This post has deliberately come after a long gap as there are other blogs like the recently launched Programmable Planet which is far superior in content and substance.
Fast Fourier Transforms are almost ubiquitous for anyone dealing with signal processing & communications systems. Time domain analysis doesn’t provide us much required information as signal processing mostly relies on frequency domain techniques like modulation, up/downconversion, filtering. In short FFT is required in almost every design for either on-line or off-line analysis. For example, Peak search/scan is generally performed in spectral domain.
Xilinx Fast Fourier Transform IP Core provides 4 architectures. There is obviously a trade-off between speed (performance) & area.
I’ve considered an example of 64k (65536) transform length clocked at 100 MSPS & target data rate of 100 MSPS. Table shows the theoretical latency & resource estimates provided by Xilinx IP core.
From the table, the trade-off vis-a-vis FPGA Architectures is clear.
Configurable Logic Blocks (CLB) are programmable elements inside a Xilinx FPGA.
The figure shown below depicts FPGA Device fabric which is made up of several CLB’s (Snapshot taken from Xilinx PlanAhead Tool). Each of those boxes inscribed in blue are CLB’s which consists of slices & other components.
A Virtex-5 CLB Tile consists of 2 SLICES. Figure depicts each CLB tile consisting of 2 slices. The components have been labelled for better understanding.
The above snapshot is taken from PlanAhead tool which is part of ISE Design Suite System Edition.
Each slice in a CLB consists of a 6 input LUT, Multiplexers (2:1), Carry logic made up of MUX & XOR gates, and D-Flip flops. All our logic gets mapped into these components using synthesis algorithms.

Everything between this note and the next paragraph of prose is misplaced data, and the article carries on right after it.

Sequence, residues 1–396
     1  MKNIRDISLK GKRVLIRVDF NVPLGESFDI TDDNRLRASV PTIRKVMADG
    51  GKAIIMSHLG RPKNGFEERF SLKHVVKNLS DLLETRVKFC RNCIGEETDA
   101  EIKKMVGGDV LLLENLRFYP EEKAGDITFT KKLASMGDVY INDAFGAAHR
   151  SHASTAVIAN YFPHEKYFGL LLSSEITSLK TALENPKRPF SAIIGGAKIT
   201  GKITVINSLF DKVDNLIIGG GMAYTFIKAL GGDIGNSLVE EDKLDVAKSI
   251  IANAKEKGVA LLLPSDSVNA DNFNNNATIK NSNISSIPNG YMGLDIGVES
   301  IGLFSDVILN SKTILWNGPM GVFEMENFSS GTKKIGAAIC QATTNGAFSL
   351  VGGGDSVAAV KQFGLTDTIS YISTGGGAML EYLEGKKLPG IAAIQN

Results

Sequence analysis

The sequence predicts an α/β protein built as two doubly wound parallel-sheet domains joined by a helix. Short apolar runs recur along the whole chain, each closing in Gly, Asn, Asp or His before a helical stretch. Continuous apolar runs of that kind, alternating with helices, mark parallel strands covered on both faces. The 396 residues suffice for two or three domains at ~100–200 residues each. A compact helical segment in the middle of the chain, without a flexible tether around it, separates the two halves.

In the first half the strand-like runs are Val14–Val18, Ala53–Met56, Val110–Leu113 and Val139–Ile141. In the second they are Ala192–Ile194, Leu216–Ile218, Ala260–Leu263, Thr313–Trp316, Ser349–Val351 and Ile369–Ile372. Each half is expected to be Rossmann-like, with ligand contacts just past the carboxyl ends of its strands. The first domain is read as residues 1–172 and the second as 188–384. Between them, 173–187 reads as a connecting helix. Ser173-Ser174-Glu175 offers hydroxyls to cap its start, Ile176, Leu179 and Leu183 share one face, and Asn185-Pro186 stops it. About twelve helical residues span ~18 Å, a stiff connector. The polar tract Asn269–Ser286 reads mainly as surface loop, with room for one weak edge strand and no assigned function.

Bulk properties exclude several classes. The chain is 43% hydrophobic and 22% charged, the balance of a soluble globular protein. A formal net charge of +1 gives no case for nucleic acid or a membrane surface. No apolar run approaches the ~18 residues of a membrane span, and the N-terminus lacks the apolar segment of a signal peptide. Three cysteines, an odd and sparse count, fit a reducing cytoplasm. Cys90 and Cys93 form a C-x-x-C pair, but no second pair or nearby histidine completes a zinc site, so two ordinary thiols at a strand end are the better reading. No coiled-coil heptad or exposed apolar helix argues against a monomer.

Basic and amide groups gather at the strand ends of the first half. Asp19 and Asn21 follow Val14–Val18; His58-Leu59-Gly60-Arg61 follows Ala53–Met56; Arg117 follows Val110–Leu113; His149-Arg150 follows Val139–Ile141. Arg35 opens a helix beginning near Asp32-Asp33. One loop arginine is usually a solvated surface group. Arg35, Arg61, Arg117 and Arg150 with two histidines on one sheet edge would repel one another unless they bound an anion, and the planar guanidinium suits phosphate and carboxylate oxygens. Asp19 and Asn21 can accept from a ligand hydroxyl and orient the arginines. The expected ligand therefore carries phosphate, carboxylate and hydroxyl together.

For more on FPGA architectures watch this space.
The concept of utilizing FPGAs for DSP operations is fairly well understood, established, and recognized within the signal processing industry.
FPGA’s have DSP slices to implement signal processing functions. The DSP operation most commonly used is Multiply-Accumulate or MAC operation. A MAC block is also used as a building block for more complex DSP applications like filtering.
FPGA DSP slice essentially implements a MAC operation.
Xilinx calls this slice “XtremeDSP DSP48”. (probably because it handle a maximum of 48-bit addition)
Image illustrates DSP48E used in Virtex-5 devices & its features (Courtesy of Xilinx Inc)
There are 3 variants of DSP slices used in Xilinx FPGA’s- DSP48A, DSP48 & DSP48E.
(Image Courtesy of Xilinx Inc)
Xilinx has a good number of DSP elements in FPGA devices with SX series.
For more info on Comparison of conventional DSP processing vis-a-vis FPGA-based DSP watch this space.
We often use basic arithmetic operations for synthesis - adders, multipliers & sometimes the division operation.
Some useful tips while using arithmetic operators:
- It is always recommended to use advanced options for synthesis in XST like “Use Mult”, “Use DSP” while using arithmetic operations.
- Check for customizable IP Cores. Most arithmetic operations are covered in FPGA vendor specific IP’s.
- However if you wish to use +,*,/ operators you will need to include libraries which define these operators.
Table shows VHDL Libraries needed to be added for specific arithmetic operations
- While migrating from one design to another copy ONLY the source files like vhd, ucf, xco, cdc files (xco refers to Xilinx Coregen file & cdc is related to Chipscope pro). If there are filters don’t forget to move the .coe & .mif
- Other files can be ignored while manually copying as they are the generated files after synthesis, implementation etc of new design. This would save a lot of space instead of copying the whole project while integrating several modules.
- You could also use “Add copy of Source” from Xilinx ISE available in the ‘Design’ Tab.
- If you’re using ModelSim for simulation, there are chances that your project folder is very bulky.
- It is most likely due to the optimization folders created by modelsim, .dat files for test bench and wave viewer files (like wlf). You can ignore these files as they occupy a lot of disk space.
- This is all stored in the ‘WORK’ sub-folder under your project folder
- Just delete the ‘WORK’ folder after your simulation to save space.
Your VHDL/Verilog code gets synthesized into one of the following Xilinx FPGA components
List of XST specific components
- Carry logic - MUXCY, XORCY, MULT_AND
- RAM - Block, Distributed
- Shift Register LUTs - SRL16, SRL32
- Clock Buffers - IBUFG, BUFG, BUFGP, BUFR
- Multiplexers - MUXF5, MUXF6, MUXF7, MUXF8
- Arithmetic Functions - DSP48, MULT18x18
- Courtesy of Xilinx ISE Help Topics